PPE Spotters in a Chicago hospital educated staff on the types of PPE equipment needed for various tasks, and it was shown that the misuse of N95 respirators (specific for filtering airborne particles) decreased following implementation of the Spotter role [6]. A Pennsylvania hospital noted that their “PPE Subject Matter Experts” effectively provided shoulder-to-shoulder support, which resulted in delivery of optimal PPE training to care providers during the pandemic [5]. The role of the PPE Spotter is also significant in ensuring effective communication among care staff and leadership teams, including IPAC, during uncertain times [5]. Frost et al. further suggest that PPE “donning and doffing is best performed under close observation by a PPE Spotter” who is empowered to intervene if there is a breach in PPE, thus allowing for “focused attention” on the importance of proper PPE use [7]. In April 2020, our IPAC team created a “PPE Spotter” role and trained registered nurses (RNs) for this position. A formal evaluation of this role was conducted four months later. At present, there are no other known published studies on the evaluation of the PPE Spotter role during the COVID-19 pandemic.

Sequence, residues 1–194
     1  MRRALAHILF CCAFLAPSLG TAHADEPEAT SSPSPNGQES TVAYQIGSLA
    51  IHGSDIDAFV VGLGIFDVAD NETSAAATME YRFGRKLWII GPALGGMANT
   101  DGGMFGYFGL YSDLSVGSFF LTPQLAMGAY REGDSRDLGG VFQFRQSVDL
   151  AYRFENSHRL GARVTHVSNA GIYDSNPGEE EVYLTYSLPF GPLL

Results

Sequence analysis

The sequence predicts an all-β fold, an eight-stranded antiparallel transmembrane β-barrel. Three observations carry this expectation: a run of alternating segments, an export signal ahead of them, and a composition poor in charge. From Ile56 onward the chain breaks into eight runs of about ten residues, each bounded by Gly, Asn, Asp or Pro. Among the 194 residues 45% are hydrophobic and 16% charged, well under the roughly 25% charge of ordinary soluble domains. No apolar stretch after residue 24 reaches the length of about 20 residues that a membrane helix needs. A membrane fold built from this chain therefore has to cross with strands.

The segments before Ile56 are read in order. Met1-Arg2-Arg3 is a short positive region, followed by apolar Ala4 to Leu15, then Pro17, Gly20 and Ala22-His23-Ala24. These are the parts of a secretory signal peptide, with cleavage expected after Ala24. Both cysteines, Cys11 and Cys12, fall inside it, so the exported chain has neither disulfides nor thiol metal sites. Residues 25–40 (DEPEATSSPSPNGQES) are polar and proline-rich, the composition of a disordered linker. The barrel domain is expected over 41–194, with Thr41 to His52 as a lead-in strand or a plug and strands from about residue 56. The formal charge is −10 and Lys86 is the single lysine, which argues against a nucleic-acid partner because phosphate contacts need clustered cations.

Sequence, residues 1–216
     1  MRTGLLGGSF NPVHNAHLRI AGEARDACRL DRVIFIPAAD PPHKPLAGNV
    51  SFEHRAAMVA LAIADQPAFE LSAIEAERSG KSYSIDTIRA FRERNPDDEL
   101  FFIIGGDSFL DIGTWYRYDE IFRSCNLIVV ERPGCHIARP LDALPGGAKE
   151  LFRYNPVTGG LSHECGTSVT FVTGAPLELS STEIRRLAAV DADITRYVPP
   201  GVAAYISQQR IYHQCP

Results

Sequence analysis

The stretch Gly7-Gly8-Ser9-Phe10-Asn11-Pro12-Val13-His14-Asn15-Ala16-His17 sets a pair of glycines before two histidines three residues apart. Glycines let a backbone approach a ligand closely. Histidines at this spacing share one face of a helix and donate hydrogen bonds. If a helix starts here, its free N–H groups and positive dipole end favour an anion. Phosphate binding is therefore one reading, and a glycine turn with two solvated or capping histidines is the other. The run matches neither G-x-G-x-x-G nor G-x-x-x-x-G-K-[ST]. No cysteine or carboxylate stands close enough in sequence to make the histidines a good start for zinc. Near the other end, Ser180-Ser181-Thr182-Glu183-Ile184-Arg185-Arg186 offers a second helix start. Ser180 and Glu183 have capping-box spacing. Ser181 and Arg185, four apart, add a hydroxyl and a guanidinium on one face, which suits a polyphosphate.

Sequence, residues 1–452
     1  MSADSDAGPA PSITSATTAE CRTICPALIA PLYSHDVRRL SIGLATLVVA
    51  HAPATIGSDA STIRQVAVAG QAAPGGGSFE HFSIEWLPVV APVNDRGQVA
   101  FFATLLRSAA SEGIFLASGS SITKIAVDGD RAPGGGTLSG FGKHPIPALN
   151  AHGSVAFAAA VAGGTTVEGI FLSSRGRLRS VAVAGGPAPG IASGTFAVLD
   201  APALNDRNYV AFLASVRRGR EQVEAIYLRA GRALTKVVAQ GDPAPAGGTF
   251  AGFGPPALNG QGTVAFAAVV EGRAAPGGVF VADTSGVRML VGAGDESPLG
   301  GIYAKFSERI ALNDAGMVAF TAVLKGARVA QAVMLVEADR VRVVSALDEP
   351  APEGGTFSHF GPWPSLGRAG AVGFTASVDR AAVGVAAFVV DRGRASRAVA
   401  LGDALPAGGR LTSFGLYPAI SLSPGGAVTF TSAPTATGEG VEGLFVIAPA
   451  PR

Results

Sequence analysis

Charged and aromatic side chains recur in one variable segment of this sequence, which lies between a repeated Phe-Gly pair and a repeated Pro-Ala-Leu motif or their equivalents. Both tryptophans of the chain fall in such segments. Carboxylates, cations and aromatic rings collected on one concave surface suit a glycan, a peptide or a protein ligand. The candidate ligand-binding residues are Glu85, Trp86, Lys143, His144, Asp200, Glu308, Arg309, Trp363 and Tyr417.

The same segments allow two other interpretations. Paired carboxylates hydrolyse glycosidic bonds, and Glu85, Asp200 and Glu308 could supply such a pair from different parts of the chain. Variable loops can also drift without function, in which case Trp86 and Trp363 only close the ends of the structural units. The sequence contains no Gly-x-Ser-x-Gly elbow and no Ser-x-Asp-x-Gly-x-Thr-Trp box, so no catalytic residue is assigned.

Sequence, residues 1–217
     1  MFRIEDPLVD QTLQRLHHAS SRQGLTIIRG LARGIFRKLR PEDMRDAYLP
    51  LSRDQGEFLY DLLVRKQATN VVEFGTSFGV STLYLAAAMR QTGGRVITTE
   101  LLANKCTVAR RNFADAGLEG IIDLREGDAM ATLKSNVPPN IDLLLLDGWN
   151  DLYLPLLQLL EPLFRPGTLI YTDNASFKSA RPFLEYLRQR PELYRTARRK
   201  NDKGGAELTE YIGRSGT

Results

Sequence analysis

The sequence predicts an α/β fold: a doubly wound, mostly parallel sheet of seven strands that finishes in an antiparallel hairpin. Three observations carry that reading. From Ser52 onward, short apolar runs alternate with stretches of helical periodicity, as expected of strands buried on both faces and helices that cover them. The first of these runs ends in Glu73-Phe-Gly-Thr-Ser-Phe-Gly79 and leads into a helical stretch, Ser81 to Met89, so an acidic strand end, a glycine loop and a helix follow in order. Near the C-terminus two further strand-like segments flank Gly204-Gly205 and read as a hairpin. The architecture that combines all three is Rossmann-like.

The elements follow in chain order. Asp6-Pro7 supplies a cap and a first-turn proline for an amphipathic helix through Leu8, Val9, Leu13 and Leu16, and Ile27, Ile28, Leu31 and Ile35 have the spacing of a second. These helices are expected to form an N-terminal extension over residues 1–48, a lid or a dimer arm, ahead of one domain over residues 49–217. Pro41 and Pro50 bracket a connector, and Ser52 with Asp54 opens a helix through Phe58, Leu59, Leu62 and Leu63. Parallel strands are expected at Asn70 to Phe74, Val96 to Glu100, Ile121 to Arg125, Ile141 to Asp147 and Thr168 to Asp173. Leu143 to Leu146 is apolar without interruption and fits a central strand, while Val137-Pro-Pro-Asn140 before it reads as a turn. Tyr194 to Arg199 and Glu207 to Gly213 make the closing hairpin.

Our organization includes acute care hospitals, long-term care centres, and community clinics. 

In addition to the PPE Spotter program, our organization created “Screeners” who were positioned at each site’s public entrances to administer health questionnaires and monitor PPE use by those entering the facility.